Jama Rico

Togetherness is Rico's second live album after You Must Be Crazy. It was recorded in Argentina in 2000 and 2001 and released in 2003.

Togetherness, Cover 2003

CD: Jama Roots Records JMRTSCD 001 /Argentina; (c) + (p) 2003 Jama Roots Records. re-releaase in 2006 on CD: Delanuca


1. "Jumbo Rock" (Intro) (Jerry Johnson) 2:51

2. "Dr. Kildare" (Jerry Goldsmith/Rugolo/Winn) 6:31

3. "This Day" (Rodriguez) 7:31

4. "Some Day" (Rodriguez) 7:13

5. "Ramblin" (Rodriguez) 6:30

6. "Over The Mountain" (Rodriguez) 5:12

7. "Eastern Standard Time" (Don Drummond) 5:49

8. "Jungle Beat" (Rodriguez) 10:18

9. "Eastern Island" (Wattanobe)

10. "Jam Rock" (Rodriguez)

11. "Reggae Music Moving" (Trad./Arr.: Rodriguez)

12. "Try To Reach The Top" (Rodriguez)

Total Time: 77:49


  • Roots To The Bone Band:
    • Juan Velasquez (b)
    • Sebastian "Sebolla" Paradisi (dr)
    • Maneco Saez-Germain (g)
    • Tomas Pearson (g)
    • Dante Clementino (keyb)
    • Guillermo "La Hiena" Soriano (perc)
    • Hugo Lobo (tr)
    • Sergio Colombo (ts)

Rec. 11.11.2000 at "El Sotano" and on 20.10.2001 at "Niceto Club", Buenos Aires, Argentina Exec. production: Sebastian Paradisi, Oscar Martin Cueto, Jose Luis Gutierrez, Alejandro Paradiso for Jama Roots Records. Eng.: Pedro Pearson, ass.eng: Facundo Fernandez Mastering: Jose Luis Gutierrez at Fatty Records Pics: Milva Saggese (milva_uk@hotmail.com) Design: Sebastian Paradisi (He's not only a drummer; I like the design of this CD) Luces: Alejandro Velasquez Contact: jama_roots@yahoo.com.ar)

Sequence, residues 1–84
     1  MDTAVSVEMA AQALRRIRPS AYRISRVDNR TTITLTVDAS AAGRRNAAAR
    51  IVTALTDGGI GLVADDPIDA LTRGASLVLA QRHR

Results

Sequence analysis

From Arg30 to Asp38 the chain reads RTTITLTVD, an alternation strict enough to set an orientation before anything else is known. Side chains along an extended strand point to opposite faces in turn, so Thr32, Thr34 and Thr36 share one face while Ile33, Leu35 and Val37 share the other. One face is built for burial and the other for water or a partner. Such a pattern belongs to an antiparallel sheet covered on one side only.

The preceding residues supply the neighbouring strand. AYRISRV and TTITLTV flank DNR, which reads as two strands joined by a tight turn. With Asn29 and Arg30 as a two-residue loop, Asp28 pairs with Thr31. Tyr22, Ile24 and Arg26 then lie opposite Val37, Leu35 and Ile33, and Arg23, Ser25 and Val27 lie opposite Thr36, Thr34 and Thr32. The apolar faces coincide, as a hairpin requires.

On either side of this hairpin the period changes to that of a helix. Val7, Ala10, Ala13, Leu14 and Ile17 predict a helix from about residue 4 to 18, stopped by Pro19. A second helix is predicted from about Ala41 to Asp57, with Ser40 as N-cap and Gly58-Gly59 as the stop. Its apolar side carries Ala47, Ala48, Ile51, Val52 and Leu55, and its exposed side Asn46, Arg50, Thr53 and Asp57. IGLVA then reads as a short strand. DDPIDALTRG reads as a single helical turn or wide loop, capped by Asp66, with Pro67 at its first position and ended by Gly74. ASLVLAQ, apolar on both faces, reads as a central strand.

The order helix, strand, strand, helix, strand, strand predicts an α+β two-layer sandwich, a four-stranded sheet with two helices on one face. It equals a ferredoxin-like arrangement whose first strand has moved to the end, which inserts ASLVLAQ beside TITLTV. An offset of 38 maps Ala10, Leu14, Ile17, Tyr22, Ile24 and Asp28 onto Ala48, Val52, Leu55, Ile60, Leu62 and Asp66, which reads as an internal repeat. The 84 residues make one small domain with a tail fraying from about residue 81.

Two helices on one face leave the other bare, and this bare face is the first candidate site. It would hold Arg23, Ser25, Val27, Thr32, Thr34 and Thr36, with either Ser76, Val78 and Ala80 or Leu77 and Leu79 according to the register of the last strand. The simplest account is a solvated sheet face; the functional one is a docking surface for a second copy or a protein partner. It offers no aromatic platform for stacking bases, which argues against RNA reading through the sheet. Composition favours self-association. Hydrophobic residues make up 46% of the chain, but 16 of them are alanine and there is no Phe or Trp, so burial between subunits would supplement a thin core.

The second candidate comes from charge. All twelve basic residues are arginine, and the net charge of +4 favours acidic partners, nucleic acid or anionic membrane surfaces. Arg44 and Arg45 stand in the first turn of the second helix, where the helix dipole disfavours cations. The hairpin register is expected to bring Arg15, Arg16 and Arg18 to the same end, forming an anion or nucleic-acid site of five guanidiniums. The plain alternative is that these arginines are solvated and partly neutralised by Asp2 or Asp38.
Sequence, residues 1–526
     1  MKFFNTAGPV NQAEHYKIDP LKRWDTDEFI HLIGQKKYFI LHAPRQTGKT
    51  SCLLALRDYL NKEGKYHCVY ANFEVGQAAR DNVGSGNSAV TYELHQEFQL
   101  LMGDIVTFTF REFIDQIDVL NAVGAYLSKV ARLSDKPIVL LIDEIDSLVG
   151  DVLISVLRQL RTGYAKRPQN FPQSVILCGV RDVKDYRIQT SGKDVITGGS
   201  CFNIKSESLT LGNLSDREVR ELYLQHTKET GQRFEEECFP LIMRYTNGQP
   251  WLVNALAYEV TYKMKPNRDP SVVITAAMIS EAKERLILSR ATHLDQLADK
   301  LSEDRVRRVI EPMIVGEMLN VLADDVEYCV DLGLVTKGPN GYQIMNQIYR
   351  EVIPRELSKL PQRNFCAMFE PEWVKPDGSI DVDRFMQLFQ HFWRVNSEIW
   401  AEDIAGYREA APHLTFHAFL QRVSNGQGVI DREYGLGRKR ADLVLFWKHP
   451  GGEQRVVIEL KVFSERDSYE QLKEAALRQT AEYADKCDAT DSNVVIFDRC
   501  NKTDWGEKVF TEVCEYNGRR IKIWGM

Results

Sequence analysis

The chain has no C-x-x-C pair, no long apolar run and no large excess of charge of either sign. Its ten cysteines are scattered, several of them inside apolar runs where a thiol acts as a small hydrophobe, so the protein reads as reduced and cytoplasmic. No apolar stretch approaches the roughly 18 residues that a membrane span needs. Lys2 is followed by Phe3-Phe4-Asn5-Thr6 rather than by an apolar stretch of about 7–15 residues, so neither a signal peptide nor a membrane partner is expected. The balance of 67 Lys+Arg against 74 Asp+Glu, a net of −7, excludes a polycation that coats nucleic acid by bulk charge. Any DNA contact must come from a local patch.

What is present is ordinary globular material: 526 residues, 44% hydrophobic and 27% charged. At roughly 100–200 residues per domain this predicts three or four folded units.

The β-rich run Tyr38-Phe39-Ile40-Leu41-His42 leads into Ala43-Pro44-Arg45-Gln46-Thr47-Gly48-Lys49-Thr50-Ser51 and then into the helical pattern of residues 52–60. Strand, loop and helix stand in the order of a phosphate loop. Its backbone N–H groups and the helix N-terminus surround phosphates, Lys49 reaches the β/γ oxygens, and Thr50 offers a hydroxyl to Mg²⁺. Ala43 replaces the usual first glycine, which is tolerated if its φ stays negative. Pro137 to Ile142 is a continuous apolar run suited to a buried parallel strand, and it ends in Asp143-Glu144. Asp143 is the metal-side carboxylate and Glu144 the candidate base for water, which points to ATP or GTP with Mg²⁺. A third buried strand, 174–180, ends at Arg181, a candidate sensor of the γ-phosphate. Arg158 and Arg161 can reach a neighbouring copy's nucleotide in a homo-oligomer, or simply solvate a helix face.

Liner notes by Martin Cueto


When I first heard that Rico would play in Argentina, it was a surprise for me; but he is really all over the world - everywhere he has his friends and people who enjoy to play with him. Martin Cueto who coordinated the project now realised with his friends the release of this CD. Thank you Martin!
Far more than a documentation it presents a band pushing and supporting Rico who was in best condition during these concerts in Buenos Aires. Although the repertoire is more traditional, Rico's Music lives as ever and gives us a wonderful feeling. He presents really long versions of the titles which means that the band has time to develop the song, the melodies and Rico has time to play. And he has time to sing (!) on several tracks. And for all those who think they know the songs should look for a copy. Sound quality is excellent.
"Jumbo Rock" is the intro for the Roots band before Rico starts a relaxed version of "Dr. Kildare" with a nice sax solo by Sergio Colombo. Then he plays a track from his Man From Wareika album. "This Day" has moments when the band plays as if they are mixed for a dub version. And it ends with jazz harmonies. Then the contrast: "Some Day", this wonderful dreamy melody (first released on his Jama Rico album in the early 1980s) played in seventh heaven or on an "island in the sun" - I couldn't find out - surely not in a hoot big city! 'Keyboard sounds like steeldrum' solo by Dante Clementino?
With "Ramblin" (again from the Man From Wareika album) we are back in "strong" sound. Rico's soloing with drive and pressure to continue again in dub style. "Over The Mountain" again from his Wareika album, but with a softer feeling follows: from Rockers to Lovers style.
His hommage á Don Drummond follows with "Eastern Standard Time". This version demonstrates a fine balance between the more melancolic melody and a swinging ska rhythm. Then Rico starts singing: On his own "Jungle Beat" (with a fine organ solo), on "Reggae Music Moving" and on "Try to Reach the Top".
This CD gives us a lot and more: again wonderful, inspired music and the wish to see and hear Rico live as soon as possible.
One love! JamaRico, 2003